I don’t think I could handle being a politician. In fact, I’d guess that the majority of us couldn’t handle it. And wouldn’t want to.
All you have to do is peruse the “letters to the editor” page in any paper, or scroll through Twitter and news feeds, and you immediately see why.
Many people despise politicians, and no matter what mayors or premiers or prime ministers try to do, somebody’s going to be in a rage.
These days, that vitriol seems even more intense. Some of it, I’m sure, is because we are living through an exceptionally stressful time and leaders of any sort are an easy target for that pent-up frustration.
Some of it, though, is because these days it seems we have been given permission to be hateful.
Those of us who live here in Victoria, the provincial capital, are pretty close to the political action when it fires up. Many of my students and friends over the years have been government employees in one capacity or another, so I’ve heard lots of stories, good and bad, about the people who run our government.
I became involved in a campaign many years ago when someone talked me into volunteering for a political party during a provincial election. I was pretty young and naïve, and I thought it would be kind of exciting. Well, it certainly was an eye-opener.
One of my first jobs was canvassing, which meant going to a designated area within the riding and knocking on every door in the neighbourhood. A lot of volunteers didn’t like canvassing, for reasons I was about to find out. But I was game.
To be fair, many people whose doorbells I rang were polite and took the leaflet I handed them with a smile. But there were others who called me every name in the book, some even slamming the door in my face. It was humiliating. And here I was, thinking I was doing something positive and helpful.
I was supposed to canvass the whole area three times during the course of the campaign, but I think I probably only managed one cycle. That was enough for me.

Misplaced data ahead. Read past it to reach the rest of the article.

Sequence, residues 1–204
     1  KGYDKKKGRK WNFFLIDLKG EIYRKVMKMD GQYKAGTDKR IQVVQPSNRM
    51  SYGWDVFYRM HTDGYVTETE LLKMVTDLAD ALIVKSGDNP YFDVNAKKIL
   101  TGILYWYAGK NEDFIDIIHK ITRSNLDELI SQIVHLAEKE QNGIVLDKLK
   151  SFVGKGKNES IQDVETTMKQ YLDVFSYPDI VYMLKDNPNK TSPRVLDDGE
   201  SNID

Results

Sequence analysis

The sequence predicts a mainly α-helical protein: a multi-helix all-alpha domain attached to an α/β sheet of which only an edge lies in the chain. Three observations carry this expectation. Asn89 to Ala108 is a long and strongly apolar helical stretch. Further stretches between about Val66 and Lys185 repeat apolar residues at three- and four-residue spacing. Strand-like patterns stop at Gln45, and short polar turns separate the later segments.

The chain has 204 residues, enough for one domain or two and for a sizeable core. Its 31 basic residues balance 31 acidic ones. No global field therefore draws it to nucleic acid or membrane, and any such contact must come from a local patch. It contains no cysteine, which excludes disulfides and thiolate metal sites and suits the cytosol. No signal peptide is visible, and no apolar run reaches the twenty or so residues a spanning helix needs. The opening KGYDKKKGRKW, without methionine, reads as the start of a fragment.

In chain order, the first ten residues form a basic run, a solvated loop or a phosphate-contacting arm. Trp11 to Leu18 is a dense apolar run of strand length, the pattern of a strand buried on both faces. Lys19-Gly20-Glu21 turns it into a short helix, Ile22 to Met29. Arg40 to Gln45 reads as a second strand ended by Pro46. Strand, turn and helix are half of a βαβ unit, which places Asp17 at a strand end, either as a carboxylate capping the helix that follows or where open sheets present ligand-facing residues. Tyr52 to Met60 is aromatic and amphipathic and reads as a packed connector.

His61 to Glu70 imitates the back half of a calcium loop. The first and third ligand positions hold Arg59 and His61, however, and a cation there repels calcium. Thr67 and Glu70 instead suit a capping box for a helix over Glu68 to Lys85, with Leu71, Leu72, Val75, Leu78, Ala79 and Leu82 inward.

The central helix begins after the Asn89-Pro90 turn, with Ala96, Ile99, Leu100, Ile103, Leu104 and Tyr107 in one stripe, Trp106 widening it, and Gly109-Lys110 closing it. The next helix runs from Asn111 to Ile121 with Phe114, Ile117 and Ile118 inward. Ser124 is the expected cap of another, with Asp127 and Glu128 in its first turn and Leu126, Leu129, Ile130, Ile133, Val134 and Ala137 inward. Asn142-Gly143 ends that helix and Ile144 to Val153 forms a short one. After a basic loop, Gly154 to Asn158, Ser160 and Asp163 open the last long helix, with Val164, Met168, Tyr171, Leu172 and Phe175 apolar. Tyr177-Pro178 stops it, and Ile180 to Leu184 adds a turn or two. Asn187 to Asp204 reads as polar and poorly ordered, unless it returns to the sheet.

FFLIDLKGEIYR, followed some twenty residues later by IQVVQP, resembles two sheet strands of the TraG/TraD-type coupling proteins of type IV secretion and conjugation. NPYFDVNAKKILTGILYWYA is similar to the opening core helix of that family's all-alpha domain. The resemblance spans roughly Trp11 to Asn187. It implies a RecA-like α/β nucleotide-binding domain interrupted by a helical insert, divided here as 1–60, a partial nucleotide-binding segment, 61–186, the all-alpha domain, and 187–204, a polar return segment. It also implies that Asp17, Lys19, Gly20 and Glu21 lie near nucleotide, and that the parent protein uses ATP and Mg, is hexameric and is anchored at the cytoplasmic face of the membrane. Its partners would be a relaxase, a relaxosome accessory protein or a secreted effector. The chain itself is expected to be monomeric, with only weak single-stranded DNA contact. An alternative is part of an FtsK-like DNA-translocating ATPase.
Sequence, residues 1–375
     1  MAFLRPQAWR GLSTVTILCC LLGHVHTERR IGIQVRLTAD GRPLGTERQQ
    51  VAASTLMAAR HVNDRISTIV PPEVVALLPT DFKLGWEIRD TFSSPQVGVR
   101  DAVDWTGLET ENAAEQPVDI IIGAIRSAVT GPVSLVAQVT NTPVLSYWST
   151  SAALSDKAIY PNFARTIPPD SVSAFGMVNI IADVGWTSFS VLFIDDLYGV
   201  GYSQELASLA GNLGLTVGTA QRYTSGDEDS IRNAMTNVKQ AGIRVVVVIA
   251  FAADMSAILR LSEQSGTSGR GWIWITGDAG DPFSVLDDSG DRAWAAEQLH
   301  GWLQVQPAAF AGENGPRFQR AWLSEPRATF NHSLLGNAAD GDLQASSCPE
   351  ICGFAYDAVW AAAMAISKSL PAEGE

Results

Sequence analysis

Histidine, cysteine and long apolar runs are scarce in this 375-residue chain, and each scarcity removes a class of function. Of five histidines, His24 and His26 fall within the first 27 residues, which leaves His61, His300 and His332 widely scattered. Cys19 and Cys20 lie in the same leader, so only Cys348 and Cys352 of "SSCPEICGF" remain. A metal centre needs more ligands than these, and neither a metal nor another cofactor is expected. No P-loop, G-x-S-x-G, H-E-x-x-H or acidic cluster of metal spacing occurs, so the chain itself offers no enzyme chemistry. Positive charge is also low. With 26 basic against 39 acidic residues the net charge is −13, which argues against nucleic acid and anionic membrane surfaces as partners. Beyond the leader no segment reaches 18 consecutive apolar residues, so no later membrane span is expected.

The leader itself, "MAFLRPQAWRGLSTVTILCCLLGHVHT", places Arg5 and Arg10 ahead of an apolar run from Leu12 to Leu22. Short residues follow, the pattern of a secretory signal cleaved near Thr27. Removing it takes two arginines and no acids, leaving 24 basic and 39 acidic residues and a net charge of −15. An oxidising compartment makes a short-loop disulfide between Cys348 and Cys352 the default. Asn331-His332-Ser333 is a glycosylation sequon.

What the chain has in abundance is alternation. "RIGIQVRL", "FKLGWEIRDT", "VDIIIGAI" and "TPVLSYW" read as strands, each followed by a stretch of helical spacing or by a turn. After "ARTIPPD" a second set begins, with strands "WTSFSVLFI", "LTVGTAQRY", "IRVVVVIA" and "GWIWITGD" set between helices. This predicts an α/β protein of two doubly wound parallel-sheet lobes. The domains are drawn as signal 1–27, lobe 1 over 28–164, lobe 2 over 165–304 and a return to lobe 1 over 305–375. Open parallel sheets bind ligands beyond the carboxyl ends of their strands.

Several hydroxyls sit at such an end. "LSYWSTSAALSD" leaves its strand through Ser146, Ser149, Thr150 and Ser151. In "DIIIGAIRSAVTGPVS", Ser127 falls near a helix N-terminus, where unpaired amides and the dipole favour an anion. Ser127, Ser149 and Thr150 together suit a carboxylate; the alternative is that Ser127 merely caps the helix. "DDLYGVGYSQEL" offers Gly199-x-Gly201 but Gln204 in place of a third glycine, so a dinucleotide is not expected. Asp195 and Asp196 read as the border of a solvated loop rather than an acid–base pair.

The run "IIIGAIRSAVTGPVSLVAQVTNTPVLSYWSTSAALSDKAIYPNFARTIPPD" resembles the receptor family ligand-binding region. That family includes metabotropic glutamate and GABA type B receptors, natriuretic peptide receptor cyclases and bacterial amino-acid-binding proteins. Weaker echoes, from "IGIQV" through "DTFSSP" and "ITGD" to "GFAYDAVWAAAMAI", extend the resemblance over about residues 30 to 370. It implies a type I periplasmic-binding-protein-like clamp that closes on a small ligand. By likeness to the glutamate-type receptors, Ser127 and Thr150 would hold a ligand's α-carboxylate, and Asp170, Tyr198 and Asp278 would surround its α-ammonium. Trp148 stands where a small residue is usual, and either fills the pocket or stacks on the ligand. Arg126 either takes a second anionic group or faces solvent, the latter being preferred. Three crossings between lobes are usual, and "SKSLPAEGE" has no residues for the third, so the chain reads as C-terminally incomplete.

I also worked the telephones at the campaign headquarters. One day, our candidate walked in to meet with all of the office workers and volunteers. He made the time to come up and sit by my desk, chit-chat a little, and thank me for volunteering. I immediately liked him and was suddenly filled with that sense of purpose I’d been seeking. Our little chat was the best thing about the whole campaign for me.
Years later, that candidate became the Premier of B.C.
There are many good people out there who truly want to make a difference in their community, province or country. They work hard and they put in long hours, often against all odds, to effect change. They are the ones who are passionate about their work, who try to reach across the aisle and find compromise. They’re the ones who will sit down at the desk of a lowly campaign worker and sincerely thank them for their efforts.
But as sincere and as passionate as these people might be, even if they succeed at getting something done, sometimes they just can’t win. Somebody’s always going to be seething.
Maybe we should consider being a little kinder to them. We can certainly disagree, but don’t make it personal.
Oh, I know there are the bad apples too: those with a sense of entitlement who care more about themselves and their rise to the top than they do their constituents. But that will always be true, in any career.
What I really hope for is that there will be enough younger people interested in fulfilling those important roles in the future, because we really do need them. Experience is one thing. A fresh, new outlook is another. And hopefully, they’ll have a thicker skin than I did when they go out on their first round of canvassing.
The only constituents I have to deal with these days are the members of my household. We disagree on a lot of things sometimes, but when it comes to Sunday dinner, this is an autocracy. I hold all the power.